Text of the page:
You know, the one I alluded to yesterday.
This is the recipe I used as a guide. Only, when I tried it, I found some aspects of it not to my taste:
- Followed from the original recipe, the chili powder dominated the overall flavor. Not objectively bad, but I thought I could tweak it to my palette a bit more.
- Following the 10-hour recommendation in my crock pot, the meat was literally falling off the bones. Not actually a bad thing in chicken overall, but I do consider it sub-optimal when cooking drumsticks, which shall, for me, always and forever be finger food.
So on the flavor side, this is the seasoning combination I like. And I’ll add — because I also did not know this the first time — that because it’s a dry rub, it’s somewhat important to buy “powder” versions of as much as possible. Or at least consistent grind versions of each seasoning so that they coat evenly. If I use, say, minced garlic and ground cumin powder, more cumin will stick than will garlic. I found this out the hard way and would prefer to save someone else the same — so act like you just knew this the whole time.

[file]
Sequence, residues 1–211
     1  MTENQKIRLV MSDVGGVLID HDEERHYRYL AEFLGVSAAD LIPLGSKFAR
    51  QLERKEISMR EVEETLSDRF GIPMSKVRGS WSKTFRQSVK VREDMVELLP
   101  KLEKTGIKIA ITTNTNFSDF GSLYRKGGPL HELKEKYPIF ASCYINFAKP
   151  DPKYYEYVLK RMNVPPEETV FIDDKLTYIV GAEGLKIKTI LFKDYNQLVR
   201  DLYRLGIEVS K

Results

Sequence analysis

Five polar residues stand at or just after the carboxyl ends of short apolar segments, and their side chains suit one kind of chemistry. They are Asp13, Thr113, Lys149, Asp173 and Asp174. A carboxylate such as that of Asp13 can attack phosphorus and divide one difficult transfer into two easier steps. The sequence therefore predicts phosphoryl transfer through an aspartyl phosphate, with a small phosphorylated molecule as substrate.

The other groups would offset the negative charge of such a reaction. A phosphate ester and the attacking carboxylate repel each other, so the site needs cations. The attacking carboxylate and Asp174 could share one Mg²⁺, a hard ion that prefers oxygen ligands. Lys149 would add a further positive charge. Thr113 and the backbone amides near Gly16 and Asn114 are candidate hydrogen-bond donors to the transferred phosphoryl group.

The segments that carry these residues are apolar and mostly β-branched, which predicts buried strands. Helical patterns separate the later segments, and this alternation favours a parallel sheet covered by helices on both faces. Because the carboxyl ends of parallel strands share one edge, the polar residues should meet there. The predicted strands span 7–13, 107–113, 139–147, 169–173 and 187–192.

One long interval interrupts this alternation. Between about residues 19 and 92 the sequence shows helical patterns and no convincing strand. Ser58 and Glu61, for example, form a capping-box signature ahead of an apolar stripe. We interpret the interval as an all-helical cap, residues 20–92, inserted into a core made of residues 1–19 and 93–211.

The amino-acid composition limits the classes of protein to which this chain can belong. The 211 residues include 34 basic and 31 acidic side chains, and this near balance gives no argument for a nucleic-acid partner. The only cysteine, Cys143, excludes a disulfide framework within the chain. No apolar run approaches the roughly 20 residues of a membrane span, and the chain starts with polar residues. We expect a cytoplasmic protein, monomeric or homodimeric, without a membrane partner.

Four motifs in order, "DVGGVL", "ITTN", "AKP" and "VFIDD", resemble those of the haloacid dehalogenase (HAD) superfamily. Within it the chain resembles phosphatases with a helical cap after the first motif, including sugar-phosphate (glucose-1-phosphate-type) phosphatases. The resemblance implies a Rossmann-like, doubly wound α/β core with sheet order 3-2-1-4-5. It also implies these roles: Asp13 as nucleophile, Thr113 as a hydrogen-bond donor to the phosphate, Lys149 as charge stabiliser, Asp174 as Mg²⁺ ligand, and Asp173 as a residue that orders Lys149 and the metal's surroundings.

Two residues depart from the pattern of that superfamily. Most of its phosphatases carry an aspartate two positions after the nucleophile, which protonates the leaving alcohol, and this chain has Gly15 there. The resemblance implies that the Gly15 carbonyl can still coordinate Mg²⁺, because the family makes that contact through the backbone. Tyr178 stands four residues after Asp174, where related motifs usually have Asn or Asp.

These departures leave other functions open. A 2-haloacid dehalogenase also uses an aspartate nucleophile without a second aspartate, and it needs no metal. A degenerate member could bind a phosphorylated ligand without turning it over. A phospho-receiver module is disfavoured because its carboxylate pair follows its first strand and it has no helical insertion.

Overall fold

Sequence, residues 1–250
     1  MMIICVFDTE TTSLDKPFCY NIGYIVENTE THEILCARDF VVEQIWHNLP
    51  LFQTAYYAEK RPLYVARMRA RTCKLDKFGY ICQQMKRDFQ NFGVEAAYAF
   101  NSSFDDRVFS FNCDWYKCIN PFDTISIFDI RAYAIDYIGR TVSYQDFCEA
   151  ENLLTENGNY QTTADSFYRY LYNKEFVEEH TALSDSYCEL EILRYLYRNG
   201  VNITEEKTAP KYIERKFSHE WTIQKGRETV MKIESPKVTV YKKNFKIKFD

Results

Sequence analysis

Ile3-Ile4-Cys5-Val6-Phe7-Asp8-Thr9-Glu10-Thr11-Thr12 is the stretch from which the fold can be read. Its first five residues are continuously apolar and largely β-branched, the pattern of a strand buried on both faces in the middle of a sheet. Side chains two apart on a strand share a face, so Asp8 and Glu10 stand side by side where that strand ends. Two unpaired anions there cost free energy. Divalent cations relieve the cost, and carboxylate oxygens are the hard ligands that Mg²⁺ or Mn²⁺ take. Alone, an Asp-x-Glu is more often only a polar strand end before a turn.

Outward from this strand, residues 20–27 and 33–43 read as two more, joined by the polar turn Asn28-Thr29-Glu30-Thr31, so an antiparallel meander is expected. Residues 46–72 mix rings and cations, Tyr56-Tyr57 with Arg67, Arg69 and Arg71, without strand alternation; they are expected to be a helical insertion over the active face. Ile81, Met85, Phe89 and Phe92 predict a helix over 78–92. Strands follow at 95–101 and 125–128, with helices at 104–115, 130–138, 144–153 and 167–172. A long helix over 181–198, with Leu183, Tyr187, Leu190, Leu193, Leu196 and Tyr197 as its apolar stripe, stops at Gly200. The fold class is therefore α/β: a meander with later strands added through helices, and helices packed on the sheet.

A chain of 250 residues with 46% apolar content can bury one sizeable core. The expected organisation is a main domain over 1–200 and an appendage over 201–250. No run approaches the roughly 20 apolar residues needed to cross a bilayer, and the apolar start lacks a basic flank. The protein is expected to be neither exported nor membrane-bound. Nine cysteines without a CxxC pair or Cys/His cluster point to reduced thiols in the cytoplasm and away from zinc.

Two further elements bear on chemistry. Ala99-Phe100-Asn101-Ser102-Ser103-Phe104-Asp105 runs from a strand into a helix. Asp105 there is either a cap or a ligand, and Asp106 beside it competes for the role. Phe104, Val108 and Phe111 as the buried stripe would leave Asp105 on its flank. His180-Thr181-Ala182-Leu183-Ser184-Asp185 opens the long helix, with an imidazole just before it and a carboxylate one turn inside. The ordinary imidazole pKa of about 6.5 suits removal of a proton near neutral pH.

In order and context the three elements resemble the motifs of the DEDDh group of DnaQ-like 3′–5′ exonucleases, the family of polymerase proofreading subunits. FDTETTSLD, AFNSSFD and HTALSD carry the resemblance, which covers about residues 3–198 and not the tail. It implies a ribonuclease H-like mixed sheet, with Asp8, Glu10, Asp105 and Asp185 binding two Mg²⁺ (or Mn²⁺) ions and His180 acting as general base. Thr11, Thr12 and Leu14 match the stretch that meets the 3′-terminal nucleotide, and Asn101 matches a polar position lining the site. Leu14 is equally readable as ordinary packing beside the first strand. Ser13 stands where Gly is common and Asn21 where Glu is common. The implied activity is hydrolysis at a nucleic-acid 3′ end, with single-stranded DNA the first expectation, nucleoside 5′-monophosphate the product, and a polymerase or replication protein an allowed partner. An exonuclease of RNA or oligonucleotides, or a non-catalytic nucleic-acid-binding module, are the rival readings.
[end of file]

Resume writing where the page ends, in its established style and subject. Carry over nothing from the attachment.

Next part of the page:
Anyway, the seasoning combination I like:
- 2 tablespoons garlic powder (garlic is my favorite)
- 1 tablespoon paprika
- 2 teaspoons black pepper (I like black pepper an awful lot, too)
- 1 teaspoon onion powder
- 1 teaspoon cumin
- 1 teaspoon salt
- 1/4 teaspoon cayenne powder (we get the kind rated to 90,000 HU, so feel free to adjust accordingly)
Additionally, instead of using just onion on the bottom of the crock pot, I like equal portions of onion, green bell pepper, and red bell pepper — coarsely chopped, just enough to cover the bottom of the crock pot.
Also, when it comes to leaving the dry rub sit overnight, I’ve found that this does not make an appreciable difference to me. I think this is because the meat is cooking for so long with the dry rub on that it’s going to take on its flavors regardless.
On the cooking times, I’ve found this to be true, at least for my crock pot:
- 10 hours is about the right time for larger pieces of meat that I’d either pull/shred or that I’d otherwise eat with a knife and fork, where falling off the bone is almost entirely a good thing — e.g., with half breasts
- Some stores sell teeny tiny drumsticks called drumettes. For these, 4 hours in my crock pot is the perfect balance between tenderness and structural integrity — i.e., the meat is tender but does not fall of the bone as I’m trying to pull a drumette out of the pot. I expect — but have not proven — that this is near the equation with wings.
- I have still not figured out how to work this balance with full size drumsticks. I am not sure if it’s really that tricksy or if my grocer’s drumsticks are unusually large or what. Would welcome feedback from experimenters.